Monochrom Workflow

Yes, we like MONO!

This is the first of a series of tutorials. Our purpose is to show how deep and varied is our product offer for both amateurs and professional photographers.
In this tutorial, we will start giving advice and suggestions to users curious about our Leica Monochrome emulation offer. We are aware of the infinite black and white solutions the market has to offer and the following words are not an absolute claim of how perfect is our product.

There is an absolute aura of mystery around the monochrome sensors, Foveon, Leica or Phase One; seems like they are a factory of magic pictures and that is at the same time funny and not totally wrong.
Let’s pick the Leica one, yes it’s very clean and sharp thanks to the lack of Bayer layer and we can enjoy the superclean 10k ISO pictures coming out SOOC or the perceived higher resolution on 100% pixel peeping.
But today we all shot with cameras able to give us both super-sharp pictures using the Bayer matrix, and extremely good high iso noise levels without being limited on the colour side.

So, why should I choose a Monochrom camera besides the low noise or higher details or should I buy an emulation for my Bayer camera to “emulate” that output?
The answer is a mystery if you look all around the web and is quite easier to achieve if you try a real Mono camera and you try one of our emulation profiles: to be able to work on a clean, full of different shades, monochrome file.

This is the starting point for our tutorial.
I shot this picture at the beginning of an eruption on Mount Etna with my Leica M9 and my Zeiss zm85. This tutorial will follow a process quite similar both on Lightroom/Lightroom CC and Capture One; I will show the Lightroom CC one.
As you can see this is the picture just imported on Lightroom CC.

A1-After a small crop, I am quite sure I will get what I want from this image just converting it to Black and White using my Monochrome CCD emulation with a red filter to enhance sky contrast, now we have the scientific reproduction of what a Leica Monochrome gives using a red filter over the lens besides fine details and noise levels (we are still working on a Bayer matrix demosaiced image). And yes, is quite pleasing to my eyes, but not enough!

 

A2-Well, now we did adjust the curve and recovered most of the highlights removing some haze with dehaze. Yes, now we have done the most using a standard profile and now we could improve the image using masking and local corrections not before some details adjustments and spot removal.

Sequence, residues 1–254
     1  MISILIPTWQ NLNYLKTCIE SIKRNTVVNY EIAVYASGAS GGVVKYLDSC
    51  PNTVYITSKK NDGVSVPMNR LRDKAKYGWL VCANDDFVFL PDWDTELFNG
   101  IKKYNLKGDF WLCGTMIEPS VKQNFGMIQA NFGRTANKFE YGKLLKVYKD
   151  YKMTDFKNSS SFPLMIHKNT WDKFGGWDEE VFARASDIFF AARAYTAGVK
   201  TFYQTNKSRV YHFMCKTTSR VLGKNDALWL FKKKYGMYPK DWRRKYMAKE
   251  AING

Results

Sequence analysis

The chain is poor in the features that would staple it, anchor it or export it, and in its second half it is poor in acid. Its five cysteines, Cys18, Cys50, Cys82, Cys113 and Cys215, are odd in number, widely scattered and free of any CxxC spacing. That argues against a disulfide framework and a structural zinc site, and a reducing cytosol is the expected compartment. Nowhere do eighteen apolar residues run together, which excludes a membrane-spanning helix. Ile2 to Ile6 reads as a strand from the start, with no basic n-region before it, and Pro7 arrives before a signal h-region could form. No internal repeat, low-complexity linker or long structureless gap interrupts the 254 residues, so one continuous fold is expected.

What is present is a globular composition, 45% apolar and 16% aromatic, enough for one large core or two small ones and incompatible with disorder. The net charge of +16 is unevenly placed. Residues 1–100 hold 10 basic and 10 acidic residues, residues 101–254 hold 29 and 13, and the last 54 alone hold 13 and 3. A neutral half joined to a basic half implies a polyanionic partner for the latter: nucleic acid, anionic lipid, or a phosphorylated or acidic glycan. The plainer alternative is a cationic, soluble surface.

A good result for a fast editing session!

But, we want the feeling of a Monochrom sensor, even on editing!

 

B1-So we start again cropping and selecting the Monochrom CCD LINEAR now. You see a very flat and grey image, the raw data from the sensor is on your screen without curves and contrast added from your profile, the right starting point for a proper “monochrome” editing

B2-The first step, CURVE; why in capital letters? because now, starting from a linear profile, the curve is not just an adjustment but THE pillar of our process to give what you want to your file stretching it to a good point. Please do not forget to use the clippings from highlights or shadows to “stay in  range”. As you can see compared with the previous editing, the top of the plume is perfect, we don’t have the need to recover any highlights, that’s one of the perks of the linear profile.

 

B3-The second perk of the linear profile is the room for some settings as the dehaze, now easier to manage with higher settings. The image is getting even more layered with an intense pop-up effect. Please do not forget I am just adding some of my taste on the settings showing a potential editing workflow to properly use our profiles.

 

B4-All the settings already applied are exactly the same whatever you use Camera Raw, Lightroom, Lightroom CC or even Capture One. The same is for the next, the Color Grading. You can just use it as a mask for thin adjustments on shadows, mid-tones and highlights (as I did) or, why not,  to change the tones with the very common “cold shadows / warm highlights” or even more complex solutions.

 

B5-The final result, spot removal, details, masked textures and clarity, some vignetting. That’s just one interpretation of a workflow using the linear profile of the Monochrome CCD pack. As you can see I had more room for the editing thanks to the linear profile as I worked with a proper super editable Monochrome sensor. All using curves, dehaze and colour grading; that gives us more room for other customizations using powerful commands like shadow or highlights recovery, white and black point, etc.
And that on a very “strict” Bayer CCD sensor, the one of the Leica M9.

As you can see below there is the starting point (linear) and the final result of my taste.

 

 

Hope you enjoyed this small tutorial, feel free to comment below!

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